Having regrets about your choice to engage in sexual intimacy with someone after it’s over is neither the equivalent of rape, nor the equivalent of having a loaded gun pressed against your temple. It may seem like I’m pulling some sort of a fallacious stunt of “spurious moon logic” when I say what comes next, but rape is rape–regret is not.
But first things first. The loaded gun is a completely unacceptable analogy for STI non-disclosure, even if the STI in question has the very real and serious potential to kill one or more persons, as any loaded gun does. As unpopular a perspective as it is to adopt, the reason behind it isn’t simple and isn’t easy to dismiss with the wave of a hand, either–it’s plural, and requires asking yourself some difficult questions.
You have to ask yourself: if someone held a gun to your head, and vocalized the threat to your life, would the blind terror you experienced in the moment be less real if you found out after the fact that it wasn’t loaded after all?
We all know it wouldn’t, because at the time, you would have been convinced that you were face to face with your own death. There are really very few ordeals as terrifying as those which are directly life-threatening, and they all most assuredly share the characteristic of a perceived immanent threat of death. If you were told to do something while a gun was pressed against your head, whether or not it was loaded, you would comply. Because you would be of the belief that if you didn’t, you will be killed. This is referred to as not having a live choice.
Now you need to ask yourself: with the marked majority of adult rape perpetrators being of the male sex, and the marked majority of adult rape survivors being of the female sex (these key points being well-known and generally agreed upon statistical fact–something I do not care to debate about here), is being raped by a loaded shotgun somehow the same, or logically equivalent, as being raped by a biological penis?
If your answer is no, I would like to congratulate you on finding this suspicious. It’s also understood as a logical fallacy called a category mistake.
If your answer is yes, I would like you to ask yourself under what circumstances a safe, sane, and consenting adult would ask of and follow through with another safe, sane, and consenting adult, to engage in penetrative sexual contact anywhere in his/her/hir body with a loaded shotgun? If you can think of any answer other than “that would never happen between safe, sane, consenting adults”, then you have clearly just demonstrated how criminally dangerous a person you really are. Nothing a sane, safe, consenting adult has to say to you is of interest–because your interest lies with the mentally unstable or unsound, the self-endangering or the vulnerable, or the non-consenting–the people you can turn into your victims.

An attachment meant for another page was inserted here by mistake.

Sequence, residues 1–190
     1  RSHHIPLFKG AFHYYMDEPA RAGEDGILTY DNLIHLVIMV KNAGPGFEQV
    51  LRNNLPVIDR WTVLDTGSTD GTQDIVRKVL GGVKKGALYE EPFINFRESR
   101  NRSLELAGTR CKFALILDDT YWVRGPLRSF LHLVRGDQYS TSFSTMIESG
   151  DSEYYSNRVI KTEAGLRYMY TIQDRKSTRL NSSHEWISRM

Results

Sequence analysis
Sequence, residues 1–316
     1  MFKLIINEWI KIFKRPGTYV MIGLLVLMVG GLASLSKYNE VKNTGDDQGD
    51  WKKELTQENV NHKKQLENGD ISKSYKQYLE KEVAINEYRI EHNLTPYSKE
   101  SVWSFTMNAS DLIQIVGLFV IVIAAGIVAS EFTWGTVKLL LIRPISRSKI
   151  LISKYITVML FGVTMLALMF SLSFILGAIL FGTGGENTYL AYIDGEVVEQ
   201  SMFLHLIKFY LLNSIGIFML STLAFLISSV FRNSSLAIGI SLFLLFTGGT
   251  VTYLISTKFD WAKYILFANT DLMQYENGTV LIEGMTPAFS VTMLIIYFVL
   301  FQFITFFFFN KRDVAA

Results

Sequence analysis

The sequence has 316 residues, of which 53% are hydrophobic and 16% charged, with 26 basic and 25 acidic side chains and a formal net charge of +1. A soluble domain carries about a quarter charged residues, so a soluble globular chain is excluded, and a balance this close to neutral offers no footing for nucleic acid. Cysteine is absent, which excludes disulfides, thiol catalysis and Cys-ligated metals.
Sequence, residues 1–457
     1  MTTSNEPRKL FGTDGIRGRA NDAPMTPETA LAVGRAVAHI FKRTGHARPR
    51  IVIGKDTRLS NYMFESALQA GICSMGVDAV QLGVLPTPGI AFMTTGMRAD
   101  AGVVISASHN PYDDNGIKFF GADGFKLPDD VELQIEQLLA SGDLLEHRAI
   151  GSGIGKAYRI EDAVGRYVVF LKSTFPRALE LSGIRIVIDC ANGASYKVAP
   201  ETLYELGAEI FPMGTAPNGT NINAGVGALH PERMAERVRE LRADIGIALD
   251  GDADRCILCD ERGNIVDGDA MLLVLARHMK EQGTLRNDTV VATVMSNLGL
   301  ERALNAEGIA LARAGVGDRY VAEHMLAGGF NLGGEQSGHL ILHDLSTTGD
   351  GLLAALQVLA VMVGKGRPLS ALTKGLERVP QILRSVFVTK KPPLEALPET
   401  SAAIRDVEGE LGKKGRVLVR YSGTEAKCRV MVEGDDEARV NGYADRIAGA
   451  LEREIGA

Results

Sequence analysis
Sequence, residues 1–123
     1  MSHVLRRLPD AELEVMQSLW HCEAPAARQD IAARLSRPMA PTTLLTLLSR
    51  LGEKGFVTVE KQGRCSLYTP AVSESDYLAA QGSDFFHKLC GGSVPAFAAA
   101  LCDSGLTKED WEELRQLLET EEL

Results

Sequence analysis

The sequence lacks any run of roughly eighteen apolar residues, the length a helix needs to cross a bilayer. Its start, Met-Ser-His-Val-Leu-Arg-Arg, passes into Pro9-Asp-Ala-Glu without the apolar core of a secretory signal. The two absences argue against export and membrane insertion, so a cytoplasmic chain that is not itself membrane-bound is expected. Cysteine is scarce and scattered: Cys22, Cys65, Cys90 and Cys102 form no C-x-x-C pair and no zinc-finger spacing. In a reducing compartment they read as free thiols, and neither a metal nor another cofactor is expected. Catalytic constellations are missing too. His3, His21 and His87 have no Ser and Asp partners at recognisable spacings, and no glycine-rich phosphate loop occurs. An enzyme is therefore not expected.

Finally, and perhaps most absurdly, you should be asking yourself–if someone held an erect penis to your head, would you feel as threatened as you are by the prospect of a loaded gun in its place?
I really don’t think that requires unpacking.
So if being unknowingly exposed to the risk of transmitting an STI isn’t like having a gun held to your head, why isn’t it equivalent to sexual assault/battery? Why is it merely equivalent to post-coital regret, not rape? This is where my third critical response arises–the short version is it’s a category mistake.
Most importantly, rape (whether or not it involves the risk of transmission of one or more STIs–to either party, for that matter) is a context in which the perpetrator does not permit the perpetrated the capacity for a live choice.
See what I did just there?
I’ll tell you, once again from direct first-hand experience as a survivor, that the physical and emotional trauma of rape is both maddening and unquantifiable. There is no direct comparison between post-coital regret and sexual assault/battery, which appropriately speaks to the impact of rape. While in fairness, post-coital regret is a terrible experience that has the potential to devastate lives, it is not trauma. It does not creep into every aspect of your life, involuntarily contaminating your every decision with the memory of what you’ve been through (conscious or unconscious). While regret is something you have to live with, trauma is something you have to survive first.
Regret also means that you had a live choice, and you’re just not happy with the choice you made–be it in principle, or based on the outcome. But rape means that you didn’t have a live choice–that no matter whether or not you pleaded, or how you pleaded if you tried to (assuming you could at all), it wouldn’t make a difference because it was never your choice to be raped.